Poor risk assessment contributed to Shoreham Airshow crash
11th March 2016
The report concludes that the organisers were unaware of the pilot's display manoeuvres. It says the Civil Aviation Authority (CAA) missed an opportunity to check the pilot's competence. On 22 August 2015 pilot Andy Hill performed a stunt involving looping and rolling a Hawker Hunter (G-BXFI) jet. The aircraft failed to resume level flight after the manoeuvre and crashed into the A27 westbound carriageway. Eleven people were fatally injured and 16 were hurt. The aircraft was destroyed but Hill survived.
AAIB Bulletin S1/2016 Special draws on investigations by the board and the Health and Safety Laboratory (HSL).
The AAIB found that the risk assessment document for the 2015 Shoreham show did not consider the hazards posed by each different type of aircraft at the event, where these hazards would occur and who would be exposed to them. Assessments, according to the Civil Aviation Publication (CAP) 403, should "identify the hazards associated with activities contributing to the event, where the activities are carried out and how they will be undertaken."
There was no evidence of an attempt to consider either a hierarchy of protection or control, the report says and it calls on the Civil Aviation Authority (CAA) to publish guidance to help inform show risk assessments.
The HSL reviewed the Shoreham organisers' assessment and concluded: "It is not clear that those who assessed the risks and recorded the assessment had a full understanding of the purpose of the risk assessment".
An enhanced risk assessment carried out by the CAA after the crash, which looked into nearby infrastructure and transport links, identified there was a risk to users of major roads near the site. The assessment recommended "active traffic management" to keep vehicles flowing and avoid congestion. The report states this was in fact an ineffective method to mitigate the risk because, though traffic management was in place on the day of the accident, the plane hit several vehicles.
The AAIB has recommended that the CAA "introduces a process to ensure that the organisers of flying displays have conducted suitable and sufficient risk assessments before a permission to hold such displays is granted under Article 162 of the Air Navigation Order".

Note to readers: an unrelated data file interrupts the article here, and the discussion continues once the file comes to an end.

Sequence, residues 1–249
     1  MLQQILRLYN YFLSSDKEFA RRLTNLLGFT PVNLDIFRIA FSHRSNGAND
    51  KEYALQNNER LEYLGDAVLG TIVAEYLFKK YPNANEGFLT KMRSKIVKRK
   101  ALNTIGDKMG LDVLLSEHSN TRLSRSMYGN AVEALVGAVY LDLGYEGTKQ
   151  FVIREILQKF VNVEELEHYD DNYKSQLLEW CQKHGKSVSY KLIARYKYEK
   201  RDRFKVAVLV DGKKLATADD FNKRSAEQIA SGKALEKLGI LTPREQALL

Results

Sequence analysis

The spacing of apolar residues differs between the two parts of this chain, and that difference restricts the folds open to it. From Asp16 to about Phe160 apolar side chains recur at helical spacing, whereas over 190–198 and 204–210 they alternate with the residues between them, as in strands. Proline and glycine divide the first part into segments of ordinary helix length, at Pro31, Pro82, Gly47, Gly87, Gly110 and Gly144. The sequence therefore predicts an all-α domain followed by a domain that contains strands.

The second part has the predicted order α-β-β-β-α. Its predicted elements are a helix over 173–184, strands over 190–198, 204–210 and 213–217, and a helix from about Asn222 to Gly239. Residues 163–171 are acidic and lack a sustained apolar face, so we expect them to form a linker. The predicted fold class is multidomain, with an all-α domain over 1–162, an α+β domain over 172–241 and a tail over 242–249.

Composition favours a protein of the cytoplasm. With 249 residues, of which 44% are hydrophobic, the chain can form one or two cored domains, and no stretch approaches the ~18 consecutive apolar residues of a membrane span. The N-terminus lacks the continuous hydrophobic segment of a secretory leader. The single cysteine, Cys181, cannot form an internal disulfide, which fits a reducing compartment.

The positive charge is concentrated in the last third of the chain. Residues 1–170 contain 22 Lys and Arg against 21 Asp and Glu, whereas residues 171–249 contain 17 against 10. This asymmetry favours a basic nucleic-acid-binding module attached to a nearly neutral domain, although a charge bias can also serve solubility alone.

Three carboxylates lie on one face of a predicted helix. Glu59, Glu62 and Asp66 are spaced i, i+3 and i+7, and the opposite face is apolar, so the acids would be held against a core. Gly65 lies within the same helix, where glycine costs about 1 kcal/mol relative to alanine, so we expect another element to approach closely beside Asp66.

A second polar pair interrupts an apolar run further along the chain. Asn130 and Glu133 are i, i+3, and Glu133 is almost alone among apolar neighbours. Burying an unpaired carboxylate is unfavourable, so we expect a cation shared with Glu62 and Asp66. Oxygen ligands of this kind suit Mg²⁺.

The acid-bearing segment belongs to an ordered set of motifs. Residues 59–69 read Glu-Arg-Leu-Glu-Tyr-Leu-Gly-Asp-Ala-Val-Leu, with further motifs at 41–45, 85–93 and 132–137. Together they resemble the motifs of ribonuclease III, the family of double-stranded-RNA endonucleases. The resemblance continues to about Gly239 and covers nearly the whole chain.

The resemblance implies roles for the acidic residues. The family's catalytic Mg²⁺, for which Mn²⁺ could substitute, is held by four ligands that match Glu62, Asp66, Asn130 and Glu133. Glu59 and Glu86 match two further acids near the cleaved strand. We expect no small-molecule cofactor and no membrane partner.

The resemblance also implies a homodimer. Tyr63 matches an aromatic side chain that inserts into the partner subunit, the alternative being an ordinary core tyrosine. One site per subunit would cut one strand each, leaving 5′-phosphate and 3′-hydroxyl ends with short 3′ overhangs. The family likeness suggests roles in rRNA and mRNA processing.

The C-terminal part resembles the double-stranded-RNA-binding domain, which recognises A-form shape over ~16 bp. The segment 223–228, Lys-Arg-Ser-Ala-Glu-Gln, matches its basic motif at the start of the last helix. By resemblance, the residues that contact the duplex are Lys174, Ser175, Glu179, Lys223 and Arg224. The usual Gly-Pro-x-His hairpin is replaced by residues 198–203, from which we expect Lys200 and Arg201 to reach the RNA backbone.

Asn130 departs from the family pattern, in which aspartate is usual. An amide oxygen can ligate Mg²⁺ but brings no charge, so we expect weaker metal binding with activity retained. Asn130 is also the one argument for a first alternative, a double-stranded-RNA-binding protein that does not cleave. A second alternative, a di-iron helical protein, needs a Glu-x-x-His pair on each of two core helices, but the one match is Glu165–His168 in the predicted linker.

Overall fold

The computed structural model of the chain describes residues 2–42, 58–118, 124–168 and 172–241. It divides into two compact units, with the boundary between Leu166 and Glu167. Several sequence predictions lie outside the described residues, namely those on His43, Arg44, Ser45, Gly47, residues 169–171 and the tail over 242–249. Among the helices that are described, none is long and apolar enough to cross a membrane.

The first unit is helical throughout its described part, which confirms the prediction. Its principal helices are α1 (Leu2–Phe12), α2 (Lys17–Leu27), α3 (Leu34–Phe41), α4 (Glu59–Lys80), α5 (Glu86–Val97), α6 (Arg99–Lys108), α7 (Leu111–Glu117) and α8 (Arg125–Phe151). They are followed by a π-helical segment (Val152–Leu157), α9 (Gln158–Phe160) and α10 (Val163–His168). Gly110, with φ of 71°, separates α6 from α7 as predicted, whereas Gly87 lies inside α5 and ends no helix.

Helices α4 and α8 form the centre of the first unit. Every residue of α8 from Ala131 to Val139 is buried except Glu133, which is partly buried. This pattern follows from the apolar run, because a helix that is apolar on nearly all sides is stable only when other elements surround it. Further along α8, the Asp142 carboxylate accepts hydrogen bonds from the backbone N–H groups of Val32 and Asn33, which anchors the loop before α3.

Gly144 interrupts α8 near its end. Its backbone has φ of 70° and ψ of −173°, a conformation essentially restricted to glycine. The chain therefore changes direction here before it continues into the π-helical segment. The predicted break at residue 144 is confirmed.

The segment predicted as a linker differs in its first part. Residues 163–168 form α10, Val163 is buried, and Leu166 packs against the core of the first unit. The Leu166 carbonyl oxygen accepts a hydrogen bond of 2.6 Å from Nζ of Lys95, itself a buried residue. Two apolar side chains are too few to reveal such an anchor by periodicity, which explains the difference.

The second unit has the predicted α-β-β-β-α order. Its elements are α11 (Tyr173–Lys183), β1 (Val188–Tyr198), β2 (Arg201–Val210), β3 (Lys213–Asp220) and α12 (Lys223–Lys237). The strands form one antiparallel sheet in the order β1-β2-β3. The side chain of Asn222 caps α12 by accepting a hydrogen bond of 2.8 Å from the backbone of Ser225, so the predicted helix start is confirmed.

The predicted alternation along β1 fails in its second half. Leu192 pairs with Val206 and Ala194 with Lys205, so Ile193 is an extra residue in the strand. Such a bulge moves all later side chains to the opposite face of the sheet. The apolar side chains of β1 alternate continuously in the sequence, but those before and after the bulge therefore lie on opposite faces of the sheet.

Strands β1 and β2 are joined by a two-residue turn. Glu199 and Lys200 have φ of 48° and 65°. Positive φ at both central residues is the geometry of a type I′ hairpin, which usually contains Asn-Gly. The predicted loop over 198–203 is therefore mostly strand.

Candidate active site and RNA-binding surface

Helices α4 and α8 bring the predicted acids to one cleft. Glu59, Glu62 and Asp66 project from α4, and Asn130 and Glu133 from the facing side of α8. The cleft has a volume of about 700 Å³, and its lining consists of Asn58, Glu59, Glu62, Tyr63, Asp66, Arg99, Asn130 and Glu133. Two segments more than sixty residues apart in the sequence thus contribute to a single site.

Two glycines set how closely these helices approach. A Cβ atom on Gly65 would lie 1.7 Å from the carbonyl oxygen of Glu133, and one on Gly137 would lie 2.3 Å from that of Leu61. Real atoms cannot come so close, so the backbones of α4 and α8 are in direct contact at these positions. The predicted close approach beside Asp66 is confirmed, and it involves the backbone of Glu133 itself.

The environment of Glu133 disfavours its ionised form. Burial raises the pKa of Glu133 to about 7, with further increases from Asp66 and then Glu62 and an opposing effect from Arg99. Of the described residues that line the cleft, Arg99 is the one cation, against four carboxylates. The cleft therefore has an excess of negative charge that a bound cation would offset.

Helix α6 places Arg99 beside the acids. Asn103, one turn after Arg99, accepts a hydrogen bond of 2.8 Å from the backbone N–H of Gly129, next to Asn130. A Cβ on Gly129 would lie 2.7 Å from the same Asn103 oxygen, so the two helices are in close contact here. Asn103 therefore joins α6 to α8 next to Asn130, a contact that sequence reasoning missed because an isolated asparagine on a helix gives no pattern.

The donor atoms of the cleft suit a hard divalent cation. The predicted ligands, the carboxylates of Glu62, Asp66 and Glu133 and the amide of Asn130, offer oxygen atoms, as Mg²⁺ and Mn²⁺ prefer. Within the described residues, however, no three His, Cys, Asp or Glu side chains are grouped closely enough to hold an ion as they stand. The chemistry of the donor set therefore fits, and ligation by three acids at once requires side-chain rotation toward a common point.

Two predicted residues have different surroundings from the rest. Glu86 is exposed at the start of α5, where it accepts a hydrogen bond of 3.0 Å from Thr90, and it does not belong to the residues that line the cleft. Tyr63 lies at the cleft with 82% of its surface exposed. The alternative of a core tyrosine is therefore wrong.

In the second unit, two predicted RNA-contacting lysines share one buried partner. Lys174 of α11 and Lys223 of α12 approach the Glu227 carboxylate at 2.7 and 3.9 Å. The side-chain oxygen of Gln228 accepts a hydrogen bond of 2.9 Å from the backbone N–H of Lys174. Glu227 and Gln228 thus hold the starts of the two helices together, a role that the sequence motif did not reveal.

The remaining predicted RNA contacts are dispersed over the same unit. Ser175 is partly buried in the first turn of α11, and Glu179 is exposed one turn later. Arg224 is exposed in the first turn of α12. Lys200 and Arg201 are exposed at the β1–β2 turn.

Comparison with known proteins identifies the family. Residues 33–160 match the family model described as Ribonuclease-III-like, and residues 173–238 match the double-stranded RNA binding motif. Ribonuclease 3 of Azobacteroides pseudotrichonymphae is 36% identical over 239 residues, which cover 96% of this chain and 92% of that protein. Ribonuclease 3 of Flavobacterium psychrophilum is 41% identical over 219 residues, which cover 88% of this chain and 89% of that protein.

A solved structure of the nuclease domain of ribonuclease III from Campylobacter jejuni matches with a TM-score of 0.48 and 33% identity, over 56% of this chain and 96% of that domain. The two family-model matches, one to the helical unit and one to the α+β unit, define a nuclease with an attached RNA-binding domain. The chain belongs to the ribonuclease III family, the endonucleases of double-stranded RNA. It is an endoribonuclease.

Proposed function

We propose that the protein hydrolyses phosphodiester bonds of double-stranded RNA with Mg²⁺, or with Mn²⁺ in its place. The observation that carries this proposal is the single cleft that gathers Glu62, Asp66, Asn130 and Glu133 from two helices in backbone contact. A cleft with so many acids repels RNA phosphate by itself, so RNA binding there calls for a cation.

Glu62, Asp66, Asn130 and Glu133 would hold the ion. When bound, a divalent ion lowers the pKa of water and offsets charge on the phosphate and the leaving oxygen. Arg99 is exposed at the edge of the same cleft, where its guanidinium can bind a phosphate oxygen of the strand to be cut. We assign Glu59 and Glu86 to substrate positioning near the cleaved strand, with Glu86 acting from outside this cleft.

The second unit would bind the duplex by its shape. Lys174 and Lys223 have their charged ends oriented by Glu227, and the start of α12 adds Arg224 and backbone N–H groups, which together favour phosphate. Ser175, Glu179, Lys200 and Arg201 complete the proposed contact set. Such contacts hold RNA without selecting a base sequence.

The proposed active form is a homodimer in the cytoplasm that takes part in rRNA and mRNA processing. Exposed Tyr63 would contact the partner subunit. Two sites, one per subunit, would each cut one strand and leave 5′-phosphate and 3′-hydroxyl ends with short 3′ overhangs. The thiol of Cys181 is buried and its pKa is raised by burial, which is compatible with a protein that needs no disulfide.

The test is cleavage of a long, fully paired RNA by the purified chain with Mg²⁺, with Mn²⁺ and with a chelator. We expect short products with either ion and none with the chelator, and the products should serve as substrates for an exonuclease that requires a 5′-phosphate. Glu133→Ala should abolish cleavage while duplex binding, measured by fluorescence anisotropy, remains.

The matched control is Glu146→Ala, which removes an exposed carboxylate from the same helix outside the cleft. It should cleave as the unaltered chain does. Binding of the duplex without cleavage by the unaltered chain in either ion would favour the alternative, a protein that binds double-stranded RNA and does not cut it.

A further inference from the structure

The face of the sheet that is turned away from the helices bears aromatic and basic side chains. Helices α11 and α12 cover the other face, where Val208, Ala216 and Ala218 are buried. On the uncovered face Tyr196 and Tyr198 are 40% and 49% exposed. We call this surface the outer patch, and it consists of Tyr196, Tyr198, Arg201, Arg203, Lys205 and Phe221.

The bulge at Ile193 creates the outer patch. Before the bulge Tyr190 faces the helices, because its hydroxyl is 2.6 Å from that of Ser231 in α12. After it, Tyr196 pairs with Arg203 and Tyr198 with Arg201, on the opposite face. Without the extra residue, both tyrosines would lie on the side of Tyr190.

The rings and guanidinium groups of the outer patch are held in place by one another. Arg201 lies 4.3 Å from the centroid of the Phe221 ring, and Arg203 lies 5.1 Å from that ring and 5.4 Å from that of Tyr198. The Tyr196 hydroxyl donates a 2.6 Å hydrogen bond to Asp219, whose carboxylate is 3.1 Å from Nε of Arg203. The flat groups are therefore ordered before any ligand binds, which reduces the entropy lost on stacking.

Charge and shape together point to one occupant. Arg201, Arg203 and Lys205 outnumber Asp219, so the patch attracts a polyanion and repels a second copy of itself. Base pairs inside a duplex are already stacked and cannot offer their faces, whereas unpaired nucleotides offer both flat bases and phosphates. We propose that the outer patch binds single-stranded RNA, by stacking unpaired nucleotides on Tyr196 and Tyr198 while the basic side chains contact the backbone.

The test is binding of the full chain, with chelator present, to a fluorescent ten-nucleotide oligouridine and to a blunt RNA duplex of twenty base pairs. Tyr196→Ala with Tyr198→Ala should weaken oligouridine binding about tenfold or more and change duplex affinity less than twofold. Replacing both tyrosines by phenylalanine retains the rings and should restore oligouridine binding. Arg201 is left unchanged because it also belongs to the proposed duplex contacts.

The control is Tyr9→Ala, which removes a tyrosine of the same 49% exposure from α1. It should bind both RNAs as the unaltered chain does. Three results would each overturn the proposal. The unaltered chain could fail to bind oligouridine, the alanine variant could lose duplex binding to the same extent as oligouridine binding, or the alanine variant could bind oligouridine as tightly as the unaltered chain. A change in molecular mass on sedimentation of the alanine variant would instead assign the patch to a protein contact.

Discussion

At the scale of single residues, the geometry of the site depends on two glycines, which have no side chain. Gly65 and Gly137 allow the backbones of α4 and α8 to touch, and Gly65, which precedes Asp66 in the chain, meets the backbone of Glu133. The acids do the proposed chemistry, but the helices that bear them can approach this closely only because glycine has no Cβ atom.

The report says that the Shoreham show's flying display director (FDD), though an experienced pilot, was unable to recognise the hazards associated with the display plan or identify who would be exposed to them, or to what extent, because he received no previous information about the pilot's routine or the ground area it would cover.
The AIIB suggests the UK could learn from other countries' display regulations. In the US, for example, the Federal Aviation Administration attends every authorised air display. Last year the CAA attended just 18 of the 254 displays it permitted.
In Canada, display organisers must provide a "sequential list of all the manoeuvres to be flown by the performer" at least 10 days before a display. These include the distance of each manoeuvre from spectator areas, and the directions of flight relative to the spectator areas.
The written CAA permission FDDs must obtain before a show under Article 162 of the Air Navigation Order places responsibilities on both them and the pilots.
But after reviewing recent airshows, the report says: "In some cases the CAA, in issuing an Article 162 permission, changed the position or orientation of a display line. There was no evidence, in these cases, that the CAA or the FDDs for those events had assessed how this might change the risks or who was ultimately responsible for the safety of the chosen line. This introduced the potential for confusion over who owned the risk and to diffuse responsibility, so different parties each assumed the other was reponsible for controlling the risks.
The report also reveals that, while carrying out a display in 2014 in another aircraft type, pilot Andy Hill was stopped by the FDD due to concerns over one of his stunts.
It says: "Following an informal discussion with the pilot later that day the CAA took no further action and did not formally record the occurrence. The occurrence was not otherwise investigated and was not reported to the AAIB -¦ The occurrence could have provided an opportunity to explore the pilot's continued competence."
The report also suggests new rules to avoid conflicts of interest after investigations discovered that a G-BXFI pilot in 2014 was "evaluated in relation to his Display Authorisation by a member of the same display team".
This was also the case for the pilot involved in another fatal accident last year at an airshow at Oulton Park, Cheshire.
The AAIB will publish its full report on the crash later in the year.